The Lawyer Asia Pacific 150 is the only research report to provide a ranking of the top 100 independent local firms and top 50 global firms in the region. The report offers critical review of some of the fastest growing firms and their strategies, a country-by-country guide to leading legal advisers and legal services market trends, plus exclusive insight into the current business development opportunities in the Asia Pacific. Read more
This year, The Lawyer’s annual ranking of the largest UK law firms by turnover is available as an interactive, digital benchmarking tool. For the first time this will allow you to manipulate each data set against the metrics of your choice.
As concern mounts over the escalating cost of legal aid, hunt saboteurs have been accused of draining the Legal Aid Fund of hundreds of thousands of pounds a year to support them in hopeless cases.
The row centres on three pending personal injury claims mounted by hunt saboteurs against hunt followers. In each case the saboteurs are backed by legal aid.
Solicitors representing the British Field Sports Society say the fund is pouring substantial amounts into the defence of hunt saboteurs in criminal actions. And they say that saboteurs are increasingly obtaining civil legal aid to sue hunt followers for compensation for alleged personal injuries.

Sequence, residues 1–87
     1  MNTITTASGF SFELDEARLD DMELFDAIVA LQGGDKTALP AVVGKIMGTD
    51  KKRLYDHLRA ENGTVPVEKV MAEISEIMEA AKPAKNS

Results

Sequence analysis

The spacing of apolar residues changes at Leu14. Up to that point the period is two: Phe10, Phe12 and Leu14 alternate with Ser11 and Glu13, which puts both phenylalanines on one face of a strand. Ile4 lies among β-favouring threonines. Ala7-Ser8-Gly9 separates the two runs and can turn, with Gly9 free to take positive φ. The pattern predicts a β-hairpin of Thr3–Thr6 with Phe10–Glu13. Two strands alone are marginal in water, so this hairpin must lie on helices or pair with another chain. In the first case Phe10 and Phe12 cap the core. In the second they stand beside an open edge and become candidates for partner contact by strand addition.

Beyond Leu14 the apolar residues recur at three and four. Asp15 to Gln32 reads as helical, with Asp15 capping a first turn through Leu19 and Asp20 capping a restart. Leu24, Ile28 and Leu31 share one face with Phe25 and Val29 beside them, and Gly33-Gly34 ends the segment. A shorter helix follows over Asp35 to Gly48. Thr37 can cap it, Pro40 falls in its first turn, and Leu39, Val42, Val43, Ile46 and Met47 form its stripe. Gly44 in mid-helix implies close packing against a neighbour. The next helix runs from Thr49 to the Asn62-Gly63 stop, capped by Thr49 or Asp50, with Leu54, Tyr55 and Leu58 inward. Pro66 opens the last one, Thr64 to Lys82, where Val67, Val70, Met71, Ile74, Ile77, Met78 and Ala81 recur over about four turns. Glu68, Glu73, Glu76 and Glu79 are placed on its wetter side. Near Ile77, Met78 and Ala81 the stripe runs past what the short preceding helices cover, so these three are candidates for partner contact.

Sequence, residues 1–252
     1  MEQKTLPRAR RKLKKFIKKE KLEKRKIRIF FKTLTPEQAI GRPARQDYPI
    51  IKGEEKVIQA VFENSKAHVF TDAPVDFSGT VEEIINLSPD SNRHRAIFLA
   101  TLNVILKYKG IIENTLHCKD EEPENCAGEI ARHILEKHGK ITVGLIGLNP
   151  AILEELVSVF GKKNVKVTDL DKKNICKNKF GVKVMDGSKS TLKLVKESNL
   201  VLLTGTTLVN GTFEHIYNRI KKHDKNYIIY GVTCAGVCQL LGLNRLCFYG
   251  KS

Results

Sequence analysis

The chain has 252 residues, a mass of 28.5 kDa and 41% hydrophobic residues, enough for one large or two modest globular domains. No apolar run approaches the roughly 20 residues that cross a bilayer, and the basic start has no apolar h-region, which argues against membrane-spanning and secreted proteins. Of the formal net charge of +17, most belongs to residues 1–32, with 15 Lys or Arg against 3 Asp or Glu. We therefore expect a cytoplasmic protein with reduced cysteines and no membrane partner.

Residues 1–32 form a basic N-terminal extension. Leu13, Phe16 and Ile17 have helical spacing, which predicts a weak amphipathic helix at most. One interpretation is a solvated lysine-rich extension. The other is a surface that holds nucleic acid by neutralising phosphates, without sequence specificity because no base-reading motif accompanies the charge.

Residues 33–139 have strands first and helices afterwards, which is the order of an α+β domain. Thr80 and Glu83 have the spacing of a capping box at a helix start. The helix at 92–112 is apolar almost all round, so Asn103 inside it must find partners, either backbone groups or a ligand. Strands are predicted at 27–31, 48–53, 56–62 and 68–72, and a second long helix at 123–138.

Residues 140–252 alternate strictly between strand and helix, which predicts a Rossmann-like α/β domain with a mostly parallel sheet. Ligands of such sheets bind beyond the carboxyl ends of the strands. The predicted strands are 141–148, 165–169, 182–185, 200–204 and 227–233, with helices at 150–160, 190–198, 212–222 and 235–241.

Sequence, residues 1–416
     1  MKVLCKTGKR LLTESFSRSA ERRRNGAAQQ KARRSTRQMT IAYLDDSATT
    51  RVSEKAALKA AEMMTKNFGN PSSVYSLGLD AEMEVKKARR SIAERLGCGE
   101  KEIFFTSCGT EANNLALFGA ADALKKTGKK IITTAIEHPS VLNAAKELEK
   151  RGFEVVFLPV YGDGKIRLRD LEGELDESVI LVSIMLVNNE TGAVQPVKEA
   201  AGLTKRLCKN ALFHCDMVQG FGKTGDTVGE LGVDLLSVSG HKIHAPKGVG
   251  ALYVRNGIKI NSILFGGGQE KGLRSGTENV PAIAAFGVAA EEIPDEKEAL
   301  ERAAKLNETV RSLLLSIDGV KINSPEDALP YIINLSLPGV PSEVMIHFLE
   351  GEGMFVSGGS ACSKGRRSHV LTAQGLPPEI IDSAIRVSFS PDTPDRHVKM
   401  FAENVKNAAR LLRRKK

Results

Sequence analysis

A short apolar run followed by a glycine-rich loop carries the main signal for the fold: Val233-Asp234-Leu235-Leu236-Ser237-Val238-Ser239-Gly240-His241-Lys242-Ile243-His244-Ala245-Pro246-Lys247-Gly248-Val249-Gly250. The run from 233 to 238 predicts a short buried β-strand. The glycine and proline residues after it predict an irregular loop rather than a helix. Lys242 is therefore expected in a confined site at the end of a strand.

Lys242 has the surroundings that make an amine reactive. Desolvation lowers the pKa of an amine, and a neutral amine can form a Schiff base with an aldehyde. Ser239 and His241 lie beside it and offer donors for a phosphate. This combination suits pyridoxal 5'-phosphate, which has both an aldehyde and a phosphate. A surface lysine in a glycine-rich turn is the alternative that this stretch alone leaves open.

Michael McNally, partner at Tunbridge Wells firm Knights, which acts for the British Field Sport Society, said he was "alarmed" at the ease with which saboteurs manage to get and retain legal aid to pursue cases which invariably fail.
One such case is scheduled to begin at Peterborough County Court on 22 July. A leading hunting figure, 59-year-old Brian Fanshawe, retired master and huntsman of Leicestershire's Cottesmore Hunt, is being sued for allegedly riding down and deliberately trampling saboteur Martin Casbon, of Peterborough, in March 1992. Fanshawe was prosecuted over the incident but acquitted by a Lincoln Crown Court jury in June 1993.
The claim, according to McNally, is worth at the most only around £3,000 and the chances of it succeeding on the evidence are remote.
At least two other claims launched against hunt followers by saboteurs are currently in the pipeline and are also racking up substantial legal aid bills. McNally is acting for the defence in those as well. He estimated the total legal aid bill for the three is likely to be at least £100,000.
"What I find alarming is the way the Legal Aid Fund, having first granted legal aid certificates, has continued to fund the claims when faced with witness statements and other evidence indicating how thin the cases really are," said McNally.
"On the one hand great emphasis is being put on the need for careful use of legal aid funds...On the other hand we see legal aid being handed out in cases like these. It is a very worrying situation."